The government is prepared to invest SEK 1 billion in the next six years in a national test centre for electric vehicles in Gothenburg on the condition that industry invests a similar sum, said Enterprise Minister Mikael Damberg on Tuesday, 5 September.
Two weeks ago the Swedish government raised its target over the number of new homes it wants built, from 250,000 by 2020 to 700,000 by 2025.
“Given the resources available in Sweden, it’s not realistic,” says JM CEO Johan Skoglund.
NCC CEO Peter Wågström is also sceptical, saying it will be difficult to achieve such volumes in the short-term.
Financial Markets Minister Per Bolund is convinced the markets will revalue fossil fuel assets. He believes environmentally unsustainable assets may well suffer from unanticipated or premature write offs, downward revaluations or be converted into liabilities, which is why the government is counting on the national pension funds to reduce their risk in fossil fuel assets.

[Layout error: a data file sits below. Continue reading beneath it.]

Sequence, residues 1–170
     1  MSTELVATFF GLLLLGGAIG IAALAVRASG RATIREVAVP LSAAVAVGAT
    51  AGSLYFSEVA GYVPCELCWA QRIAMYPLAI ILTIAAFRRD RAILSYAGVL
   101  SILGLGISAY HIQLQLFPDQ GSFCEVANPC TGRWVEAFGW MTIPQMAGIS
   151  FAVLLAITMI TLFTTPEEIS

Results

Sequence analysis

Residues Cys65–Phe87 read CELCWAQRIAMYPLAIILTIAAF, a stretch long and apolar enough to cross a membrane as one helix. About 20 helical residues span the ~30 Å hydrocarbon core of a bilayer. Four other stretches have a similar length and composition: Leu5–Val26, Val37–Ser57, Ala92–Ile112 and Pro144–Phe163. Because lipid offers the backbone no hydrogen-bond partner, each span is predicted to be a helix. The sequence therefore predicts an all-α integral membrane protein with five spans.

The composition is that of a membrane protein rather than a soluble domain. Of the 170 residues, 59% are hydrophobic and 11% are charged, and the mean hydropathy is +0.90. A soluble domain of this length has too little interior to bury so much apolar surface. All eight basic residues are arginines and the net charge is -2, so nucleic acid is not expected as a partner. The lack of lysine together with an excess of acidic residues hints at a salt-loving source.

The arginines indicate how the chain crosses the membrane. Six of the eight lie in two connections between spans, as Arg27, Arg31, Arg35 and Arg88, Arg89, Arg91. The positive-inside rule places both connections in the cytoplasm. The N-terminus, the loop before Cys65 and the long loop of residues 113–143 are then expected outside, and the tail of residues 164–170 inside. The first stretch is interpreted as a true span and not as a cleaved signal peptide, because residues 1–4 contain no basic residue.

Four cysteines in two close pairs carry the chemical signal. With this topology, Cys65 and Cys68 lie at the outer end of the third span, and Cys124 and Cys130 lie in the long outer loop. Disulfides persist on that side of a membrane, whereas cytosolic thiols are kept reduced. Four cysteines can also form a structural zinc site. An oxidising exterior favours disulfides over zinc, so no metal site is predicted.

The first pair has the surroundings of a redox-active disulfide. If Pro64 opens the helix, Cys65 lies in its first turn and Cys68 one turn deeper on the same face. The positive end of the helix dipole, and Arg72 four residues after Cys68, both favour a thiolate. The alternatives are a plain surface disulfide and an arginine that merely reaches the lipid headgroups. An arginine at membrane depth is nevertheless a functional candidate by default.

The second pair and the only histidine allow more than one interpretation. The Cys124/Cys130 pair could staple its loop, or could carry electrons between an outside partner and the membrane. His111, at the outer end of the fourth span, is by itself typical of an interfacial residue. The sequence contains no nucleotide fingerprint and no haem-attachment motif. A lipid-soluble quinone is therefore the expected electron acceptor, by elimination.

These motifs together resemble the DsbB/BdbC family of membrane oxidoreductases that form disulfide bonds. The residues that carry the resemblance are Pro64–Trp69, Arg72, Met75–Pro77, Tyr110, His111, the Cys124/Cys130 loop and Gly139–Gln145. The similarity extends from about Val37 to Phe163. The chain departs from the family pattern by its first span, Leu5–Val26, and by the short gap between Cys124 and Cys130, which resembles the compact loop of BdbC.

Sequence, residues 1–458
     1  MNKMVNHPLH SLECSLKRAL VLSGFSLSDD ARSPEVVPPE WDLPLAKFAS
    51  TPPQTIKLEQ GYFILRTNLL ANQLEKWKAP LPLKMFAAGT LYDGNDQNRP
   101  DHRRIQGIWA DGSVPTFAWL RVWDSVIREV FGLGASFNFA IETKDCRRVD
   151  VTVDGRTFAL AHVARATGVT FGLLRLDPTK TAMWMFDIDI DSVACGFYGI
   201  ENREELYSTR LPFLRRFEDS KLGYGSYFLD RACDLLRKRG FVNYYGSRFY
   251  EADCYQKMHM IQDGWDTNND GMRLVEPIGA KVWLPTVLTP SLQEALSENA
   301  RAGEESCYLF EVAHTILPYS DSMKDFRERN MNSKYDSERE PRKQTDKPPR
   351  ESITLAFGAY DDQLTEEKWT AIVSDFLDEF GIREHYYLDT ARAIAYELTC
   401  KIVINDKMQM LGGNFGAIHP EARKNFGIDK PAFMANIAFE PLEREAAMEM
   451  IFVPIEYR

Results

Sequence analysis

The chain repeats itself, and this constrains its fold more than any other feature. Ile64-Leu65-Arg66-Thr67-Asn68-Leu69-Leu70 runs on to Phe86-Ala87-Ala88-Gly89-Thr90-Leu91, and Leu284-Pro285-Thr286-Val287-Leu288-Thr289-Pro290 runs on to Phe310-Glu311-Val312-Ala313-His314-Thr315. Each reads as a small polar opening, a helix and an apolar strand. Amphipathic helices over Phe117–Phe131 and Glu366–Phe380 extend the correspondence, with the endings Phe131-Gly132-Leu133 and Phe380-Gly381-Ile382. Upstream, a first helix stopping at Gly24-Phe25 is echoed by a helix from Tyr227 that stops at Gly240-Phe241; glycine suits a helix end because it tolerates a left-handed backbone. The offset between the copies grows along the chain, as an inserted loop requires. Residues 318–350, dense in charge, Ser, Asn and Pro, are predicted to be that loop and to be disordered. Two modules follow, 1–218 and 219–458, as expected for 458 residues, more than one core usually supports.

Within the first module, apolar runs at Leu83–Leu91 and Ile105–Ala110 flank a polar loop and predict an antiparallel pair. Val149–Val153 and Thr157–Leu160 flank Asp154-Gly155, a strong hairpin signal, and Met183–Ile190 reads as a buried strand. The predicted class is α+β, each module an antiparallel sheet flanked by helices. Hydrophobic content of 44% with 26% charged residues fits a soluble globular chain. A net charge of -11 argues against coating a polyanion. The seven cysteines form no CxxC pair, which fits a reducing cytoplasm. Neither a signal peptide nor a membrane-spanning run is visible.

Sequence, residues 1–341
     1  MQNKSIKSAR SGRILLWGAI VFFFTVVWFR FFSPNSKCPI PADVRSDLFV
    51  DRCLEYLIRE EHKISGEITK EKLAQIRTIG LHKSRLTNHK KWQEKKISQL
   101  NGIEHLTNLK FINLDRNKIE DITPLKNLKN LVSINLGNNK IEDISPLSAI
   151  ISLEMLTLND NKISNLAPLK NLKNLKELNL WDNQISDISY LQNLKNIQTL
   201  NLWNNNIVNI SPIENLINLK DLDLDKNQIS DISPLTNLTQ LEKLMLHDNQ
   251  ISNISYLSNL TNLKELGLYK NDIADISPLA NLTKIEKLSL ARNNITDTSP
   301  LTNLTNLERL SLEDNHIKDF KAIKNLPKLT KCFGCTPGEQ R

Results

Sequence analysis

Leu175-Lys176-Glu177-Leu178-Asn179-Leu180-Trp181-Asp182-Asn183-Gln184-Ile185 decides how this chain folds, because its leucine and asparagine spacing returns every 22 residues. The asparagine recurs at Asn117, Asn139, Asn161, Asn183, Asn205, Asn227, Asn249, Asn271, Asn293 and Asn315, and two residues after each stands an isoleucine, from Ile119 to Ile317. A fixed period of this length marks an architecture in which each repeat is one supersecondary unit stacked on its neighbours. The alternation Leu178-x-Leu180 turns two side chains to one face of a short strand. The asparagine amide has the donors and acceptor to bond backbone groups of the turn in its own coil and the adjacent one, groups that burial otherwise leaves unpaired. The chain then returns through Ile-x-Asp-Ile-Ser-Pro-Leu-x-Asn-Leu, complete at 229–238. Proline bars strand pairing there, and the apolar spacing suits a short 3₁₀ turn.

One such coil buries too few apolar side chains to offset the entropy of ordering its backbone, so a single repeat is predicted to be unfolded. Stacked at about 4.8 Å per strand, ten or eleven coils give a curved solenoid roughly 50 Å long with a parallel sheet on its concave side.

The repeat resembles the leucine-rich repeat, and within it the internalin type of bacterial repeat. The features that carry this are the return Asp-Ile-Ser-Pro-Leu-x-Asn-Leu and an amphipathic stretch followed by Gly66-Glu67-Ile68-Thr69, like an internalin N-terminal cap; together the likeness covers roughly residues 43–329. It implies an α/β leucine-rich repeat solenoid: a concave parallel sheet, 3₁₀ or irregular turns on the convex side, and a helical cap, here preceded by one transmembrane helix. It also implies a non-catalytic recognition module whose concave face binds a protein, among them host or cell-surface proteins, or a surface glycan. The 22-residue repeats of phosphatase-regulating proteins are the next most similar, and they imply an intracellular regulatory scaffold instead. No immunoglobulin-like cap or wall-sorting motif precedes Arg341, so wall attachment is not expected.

“We expect the pension funds to lead the financial markets’ green transition,” says Per Bolund, rejecting suggestions that the government is exercising too much control over the funds.
The government is planning to launch an inquiry into the taxi industry, clearly setting its sights on Uber and its taxi services. Infrastructure Minister Anna Johansson is admittedly wary of pointing out Uber, but the inquiry has been initiated because of the problem with “taxis’ with carpooling options”.
Anna Johansson admits that no other company offers such options in Sweden at the moment, but says: “This is not about making life difficult for a particular company. It’s about ensuring that we have a fair and well-run taxi industry”.
In the run up to last September’s general election, the Green Party said one of the first measures of a centre-left coalition government would be to stop Vattenfall from enlarging its lignite mines in Germany. Six months on, it’s business as usual at Vattenfall. Even if the Social Democrats and the Green Party have agreed that the state-owned utility must cut its carbon emissions, no new directives have been issued to halt the expansion plans.
So, what does the government intend to do? While the Green Party has called for the closure of the German coal operations, the Social Democrats have welcomed Vattenfall’s plans to divest the German coal business.
Moderate MP Lars Hjälmered is now demanding clarity from the government as to what it intends to do with the German business.